For the last few years I have been making annual trips to the town of Montalcino to talk to wineries with similar philosophies to not only import and represent these wineries in Australia (think Il Palazzone and Biondi Santi) but to also work on a special little project focusing on wines under our Fratelli D’Anna label. when you visit the cellars of a winery, there are always barrels that stand out and having a label like Fratelli D’Anna, it will give us the opportunity to purchase these barrels to showcase on their own (rather than being blended back with other barrels).
The wines under Fratelli D’Anna represent what I like and expect out of a grape variety and region. It was an idea that came about by reading Kermit Lynch’s Adventures of the Wine Route who on visiting vineyards and wineries that he imported (or liked) made offers to buy selected barrels to be finished off to his specifications. When I think of this, it takes the notion of importing wine from a region you love, one step further. In this instance it is the ultimate expression of what I look for in Sangiovese and Montalcino.
I have another project in the pipeline under our own label and for those able to buy a bottle of this, it should start to pop up at independent retail in the next few weeks around Australia.
It is weird to think that at 10pm last night we had only just spent 24 hours in Italy.
After arriving late into Rome we left early to drive to Montalcino. It doesn’t matter how many times you come to Montalcino, it is still alway so breathtaking. Each curve in the road presents another fantastic view of the valley below.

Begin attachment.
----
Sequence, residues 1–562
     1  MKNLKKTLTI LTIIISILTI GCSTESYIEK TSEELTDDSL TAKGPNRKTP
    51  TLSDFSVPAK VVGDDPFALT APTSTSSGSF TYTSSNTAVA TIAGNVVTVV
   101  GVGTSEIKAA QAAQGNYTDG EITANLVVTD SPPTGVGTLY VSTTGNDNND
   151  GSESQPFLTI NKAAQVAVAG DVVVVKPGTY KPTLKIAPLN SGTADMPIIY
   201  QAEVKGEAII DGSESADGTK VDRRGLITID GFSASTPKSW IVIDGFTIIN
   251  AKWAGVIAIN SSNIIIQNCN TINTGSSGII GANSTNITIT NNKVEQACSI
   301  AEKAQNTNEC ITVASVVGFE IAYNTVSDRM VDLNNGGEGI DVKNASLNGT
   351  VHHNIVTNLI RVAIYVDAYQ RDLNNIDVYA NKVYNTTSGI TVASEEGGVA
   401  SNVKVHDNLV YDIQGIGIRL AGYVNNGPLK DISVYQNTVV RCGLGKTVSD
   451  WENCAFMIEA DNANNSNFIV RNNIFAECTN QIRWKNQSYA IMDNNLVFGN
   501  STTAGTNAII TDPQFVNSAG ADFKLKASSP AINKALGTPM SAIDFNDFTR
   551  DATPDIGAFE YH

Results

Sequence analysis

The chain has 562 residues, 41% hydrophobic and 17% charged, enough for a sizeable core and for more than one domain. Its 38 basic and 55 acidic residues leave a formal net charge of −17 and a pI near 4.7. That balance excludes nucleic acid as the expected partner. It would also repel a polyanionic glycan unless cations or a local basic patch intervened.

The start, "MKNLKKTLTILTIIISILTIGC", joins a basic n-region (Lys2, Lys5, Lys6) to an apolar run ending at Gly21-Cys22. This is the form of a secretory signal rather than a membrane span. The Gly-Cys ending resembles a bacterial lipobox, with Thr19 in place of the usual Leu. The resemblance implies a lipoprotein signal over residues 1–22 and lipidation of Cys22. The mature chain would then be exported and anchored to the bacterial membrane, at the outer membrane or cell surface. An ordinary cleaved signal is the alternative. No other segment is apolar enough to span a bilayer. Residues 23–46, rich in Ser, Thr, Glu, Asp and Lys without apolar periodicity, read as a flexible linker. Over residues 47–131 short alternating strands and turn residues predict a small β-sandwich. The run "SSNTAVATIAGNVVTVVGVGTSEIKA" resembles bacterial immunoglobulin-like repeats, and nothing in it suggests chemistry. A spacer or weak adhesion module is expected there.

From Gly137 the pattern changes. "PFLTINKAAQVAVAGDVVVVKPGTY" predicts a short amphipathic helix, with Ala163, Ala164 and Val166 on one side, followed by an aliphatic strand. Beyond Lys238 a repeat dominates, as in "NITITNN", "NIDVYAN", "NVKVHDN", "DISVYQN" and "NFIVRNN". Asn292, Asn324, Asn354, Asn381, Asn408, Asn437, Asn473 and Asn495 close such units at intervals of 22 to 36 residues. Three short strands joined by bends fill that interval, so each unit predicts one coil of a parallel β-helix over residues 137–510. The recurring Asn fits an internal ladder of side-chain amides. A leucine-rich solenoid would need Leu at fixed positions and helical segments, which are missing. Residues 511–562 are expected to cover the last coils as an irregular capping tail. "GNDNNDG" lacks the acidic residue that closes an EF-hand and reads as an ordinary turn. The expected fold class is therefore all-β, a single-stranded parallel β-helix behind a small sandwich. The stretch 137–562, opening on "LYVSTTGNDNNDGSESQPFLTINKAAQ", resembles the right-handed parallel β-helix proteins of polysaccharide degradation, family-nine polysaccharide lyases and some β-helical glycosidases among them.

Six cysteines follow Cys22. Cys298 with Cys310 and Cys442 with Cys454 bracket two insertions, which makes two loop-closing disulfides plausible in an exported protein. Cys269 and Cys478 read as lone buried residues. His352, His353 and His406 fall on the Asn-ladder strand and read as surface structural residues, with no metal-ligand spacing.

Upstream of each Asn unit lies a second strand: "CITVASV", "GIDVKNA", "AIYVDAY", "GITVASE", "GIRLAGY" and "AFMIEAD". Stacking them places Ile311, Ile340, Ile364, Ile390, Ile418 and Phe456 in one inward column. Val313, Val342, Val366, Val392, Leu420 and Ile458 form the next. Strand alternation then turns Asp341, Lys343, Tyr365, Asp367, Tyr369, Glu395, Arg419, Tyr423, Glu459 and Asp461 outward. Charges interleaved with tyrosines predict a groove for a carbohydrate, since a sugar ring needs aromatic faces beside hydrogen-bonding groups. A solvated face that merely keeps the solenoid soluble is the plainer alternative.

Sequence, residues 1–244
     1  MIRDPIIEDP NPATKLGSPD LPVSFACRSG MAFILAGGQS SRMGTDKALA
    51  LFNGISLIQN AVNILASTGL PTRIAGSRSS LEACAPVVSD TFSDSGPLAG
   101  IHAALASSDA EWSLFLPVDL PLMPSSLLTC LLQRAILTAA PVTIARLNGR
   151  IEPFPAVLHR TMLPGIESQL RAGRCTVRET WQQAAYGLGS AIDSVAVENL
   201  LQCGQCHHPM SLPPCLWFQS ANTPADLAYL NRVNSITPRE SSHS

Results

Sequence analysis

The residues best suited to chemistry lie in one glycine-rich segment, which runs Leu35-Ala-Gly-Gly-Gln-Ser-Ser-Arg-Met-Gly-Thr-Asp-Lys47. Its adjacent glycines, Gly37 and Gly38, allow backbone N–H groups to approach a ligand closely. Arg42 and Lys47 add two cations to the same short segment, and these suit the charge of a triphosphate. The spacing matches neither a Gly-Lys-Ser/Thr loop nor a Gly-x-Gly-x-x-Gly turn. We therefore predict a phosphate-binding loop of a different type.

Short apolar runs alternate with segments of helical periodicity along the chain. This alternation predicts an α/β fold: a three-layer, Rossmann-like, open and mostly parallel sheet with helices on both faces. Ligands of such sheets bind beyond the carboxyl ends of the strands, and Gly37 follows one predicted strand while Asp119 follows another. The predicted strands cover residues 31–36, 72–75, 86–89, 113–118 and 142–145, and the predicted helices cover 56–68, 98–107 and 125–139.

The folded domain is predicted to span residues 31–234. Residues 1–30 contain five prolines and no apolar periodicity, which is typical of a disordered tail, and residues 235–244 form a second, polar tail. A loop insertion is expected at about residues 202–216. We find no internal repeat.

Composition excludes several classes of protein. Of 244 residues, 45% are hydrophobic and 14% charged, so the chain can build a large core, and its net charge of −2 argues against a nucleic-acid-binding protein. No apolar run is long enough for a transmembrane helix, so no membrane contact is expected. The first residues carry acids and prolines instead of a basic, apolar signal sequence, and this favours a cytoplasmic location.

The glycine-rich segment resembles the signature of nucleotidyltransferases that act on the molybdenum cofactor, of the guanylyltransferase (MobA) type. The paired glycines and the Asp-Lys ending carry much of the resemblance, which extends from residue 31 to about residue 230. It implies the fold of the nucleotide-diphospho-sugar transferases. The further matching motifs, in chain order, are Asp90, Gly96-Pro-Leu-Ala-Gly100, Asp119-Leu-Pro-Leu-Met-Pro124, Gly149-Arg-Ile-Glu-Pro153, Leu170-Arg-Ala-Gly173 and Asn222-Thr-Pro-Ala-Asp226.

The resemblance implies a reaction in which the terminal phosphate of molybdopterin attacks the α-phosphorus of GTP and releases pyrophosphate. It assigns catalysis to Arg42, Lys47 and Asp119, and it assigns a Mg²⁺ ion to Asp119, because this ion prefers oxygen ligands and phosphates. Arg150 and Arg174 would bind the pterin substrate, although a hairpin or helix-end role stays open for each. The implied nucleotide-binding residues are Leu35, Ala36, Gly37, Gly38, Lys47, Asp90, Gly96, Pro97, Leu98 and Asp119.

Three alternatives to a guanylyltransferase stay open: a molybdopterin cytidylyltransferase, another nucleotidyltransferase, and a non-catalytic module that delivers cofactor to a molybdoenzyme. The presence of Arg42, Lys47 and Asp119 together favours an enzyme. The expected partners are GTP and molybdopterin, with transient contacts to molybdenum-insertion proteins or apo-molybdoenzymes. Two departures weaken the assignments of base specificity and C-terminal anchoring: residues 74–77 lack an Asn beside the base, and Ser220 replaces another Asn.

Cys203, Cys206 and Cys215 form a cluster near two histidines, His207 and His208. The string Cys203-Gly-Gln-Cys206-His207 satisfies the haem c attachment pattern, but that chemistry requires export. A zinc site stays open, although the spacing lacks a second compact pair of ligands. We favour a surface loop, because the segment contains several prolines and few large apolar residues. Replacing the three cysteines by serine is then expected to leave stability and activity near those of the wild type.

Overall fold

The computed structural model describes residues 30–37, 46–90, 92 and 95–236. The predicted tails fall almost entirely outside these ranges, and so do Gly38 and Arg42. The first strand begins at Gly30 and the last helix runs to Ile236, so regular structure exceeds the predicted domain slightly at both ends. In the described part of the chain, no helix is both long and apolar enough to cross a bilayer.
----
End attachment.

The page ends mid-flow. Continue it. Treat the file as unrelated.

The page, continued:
We arrived in Montalcino at lunchtime and after a quick plate of pasta we headed to Pieve Santa Restituta, the Gaja’s family winery in Montalcino. This historic estate has been transformed into a modern masterpiece with a barrel room and winery that blends in with the environment.
After a tour we sat down and tried all the 2010 Brunello plus a sneak preview of the 2013. Whilst the 2013 was still quite young, the 2010 across the board presented well and there will be three Brunello from this estate worth buying in 2010. Just a word of advice, like 2010 Barolo: buy as much 2010 Brunello as you can afford. What a magical year.
After finishing at Gaja, we then headed to our favorite estate in Montalcino, Il Palazzone. I have written so much on Laura and Marco from Il Palazzone that it is a given for those that read this blog, know how much I love them and their wines.
A visit to their estate is always a great way to preview upcoming releases and I already know the vintages I am going to buy going forward. One wine that I have gone large on is their 2010 Brunello which will be shipped around March/April next year. I have bought bottles, magnums and doubles magnums of this majestic wine.
For me it is easily the best wine Il Palazzone has made and one of the best Brunello I have tried in a long time. My advice is that as soon as you see this in Oz next year, buy as demand will far outlay supply.
One more (big) appointment today in Montalcino before heading to Florence this afternoon.
Well after the usual 30 hours of flying we arrived at our hotel in Roma at 10pm. By 10.30pm we were sitting at my favorite restaurant, Armando al Pantheon enjoying half a bottle of Vino Nobile and a plate of Spaghetti All’Amatriciana. The perfect way to end a long day traveling to Italy.
As always it is great to see the Pantheon.
Tomorrow we are off early, firstly to visit Angelo Gaja’s Montalcino winery , Pieve Santa Restituta and then to Il Palazzone for a tasting of the upcoming vintages and dinner.